This Buddhist tale teaches us that taking care of yourself is also very important to develop compassion for others.
In recent years there has been a lot of talk aboutimportance of taking care of yourself which should not be confused with exasperated individualism, certainly harmful, but which rather represents the ability to love oneself.
Which Buddhism also talks about with this story which is said to have been told by the Buddha in person, then passed down orally by his followers.
The tale tells that in a distant time two acrobats they performed every day on the street to earn a living. The teacher was a poor widower and the student named Medakathalika, a very wise girl.
Their performance involved several risks because the teacher had to balance a tall bamboo pole on his head while Medakathalika climbed on it.
To avoid falls and injuries during the performance, the two acrobats had to be very careful and one day the teacher, believing he was helping the student, advised her to watch him while he would do the same with her, so as to help each other to keep concentration and balance, and thus earning enough money to eat.
But little Medakathalika, that was a lot wise, he replied that it was better that each of them look at himself why taking care of yourself means taking care of both. That way they would surely avoid accidents and get enough money to eat, Meda added.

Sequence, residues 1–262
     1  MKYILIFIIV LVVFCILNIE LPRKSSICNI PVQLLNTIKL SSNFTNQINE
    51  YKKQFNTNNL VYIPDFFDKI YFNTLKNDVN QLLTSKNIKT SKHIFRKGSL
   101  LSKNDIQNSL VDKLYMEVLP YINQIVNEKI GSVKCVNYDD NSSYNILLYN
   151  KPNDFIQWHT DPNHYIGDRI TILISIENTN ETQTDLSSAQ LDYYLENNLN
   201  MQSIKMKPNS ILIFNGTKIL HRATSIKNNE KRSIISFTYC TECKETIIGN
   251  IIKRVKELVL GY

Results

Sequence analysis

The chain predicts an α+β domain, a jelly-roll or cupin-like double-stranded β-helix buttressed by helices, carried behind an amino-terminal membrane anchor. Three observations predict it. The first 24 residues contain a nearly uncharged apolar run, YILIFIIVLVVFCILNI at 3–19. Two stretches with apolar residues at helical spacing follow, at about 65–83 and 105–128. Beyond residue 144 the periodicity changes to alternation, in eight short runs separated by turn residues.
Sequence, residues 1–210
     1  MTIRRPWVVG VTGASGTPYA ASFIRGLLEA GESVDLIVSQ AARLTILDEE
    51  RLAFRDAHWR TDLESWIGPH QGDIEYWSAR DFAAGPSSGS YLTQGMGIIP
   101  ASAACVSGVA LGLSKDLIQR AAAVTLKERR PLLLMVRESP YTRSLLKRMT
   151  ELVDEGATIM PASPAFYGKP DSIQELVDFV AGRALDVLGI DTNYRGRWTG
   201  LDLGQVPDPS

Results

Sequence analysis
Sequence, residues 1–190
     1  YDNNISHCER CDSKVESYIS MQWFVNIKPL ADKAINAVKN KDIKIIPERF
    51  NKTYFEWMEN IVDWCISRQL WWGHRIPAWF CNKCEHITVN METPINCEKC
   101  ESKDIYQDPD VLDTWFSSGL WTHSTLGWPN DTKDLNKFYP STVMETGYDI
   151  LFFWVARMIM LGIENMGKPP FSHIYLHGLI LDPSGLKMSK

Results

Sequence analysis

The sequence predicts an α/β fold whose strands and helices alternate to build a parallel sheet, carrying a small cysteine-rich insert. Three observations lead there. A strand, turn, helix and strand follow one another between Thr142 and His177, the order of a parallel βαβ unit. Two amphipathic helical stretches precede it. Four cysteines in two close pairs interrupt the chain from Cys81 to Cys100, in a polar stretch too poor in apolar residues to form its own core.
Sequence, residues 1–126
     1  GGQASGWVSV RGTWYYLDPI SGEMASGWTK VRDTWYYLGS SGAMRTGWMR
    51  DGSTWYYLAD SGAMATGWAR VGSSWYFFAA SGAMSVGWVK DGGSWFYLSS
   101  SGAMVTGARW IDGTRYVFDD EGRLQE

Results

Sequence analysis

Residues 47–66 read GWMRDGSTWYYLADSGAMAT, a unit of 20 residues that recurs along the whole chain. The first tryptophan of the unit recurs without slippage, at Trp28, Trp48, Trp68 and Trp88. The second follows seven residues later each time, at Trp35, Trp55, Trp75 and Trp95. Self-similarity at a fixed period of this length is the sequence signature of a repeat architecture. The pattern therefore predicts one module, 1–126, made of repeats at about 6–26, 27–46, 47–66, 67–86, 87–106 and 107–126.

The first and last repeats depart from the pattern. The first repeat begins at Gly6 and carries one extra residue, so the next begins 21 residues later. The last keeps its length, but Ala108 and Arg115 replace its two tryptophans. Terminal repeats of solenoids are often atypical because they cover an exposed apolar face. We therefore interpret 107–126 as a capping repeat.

What the story of the two acrobats teaches
This story teaches that it is very important to nourish your mind and body taking care of themselves, even before others.
In fact, when we are comfortable with ourselves, not from a material but a spiritual point of view, and when we are aware of ourselves, it is easier to feel compassion for others and therefore treat them with greater love and kindness.
If, on the other hand, we are little aware of ourselves and we mistreat ourselves, for example by leading lives that do not resemble us and that make us sad and discouraged, it is more difficult to develop a compassionate and truly supportive attitude towards the surrounding world, with which we will tend to be more what else angry.
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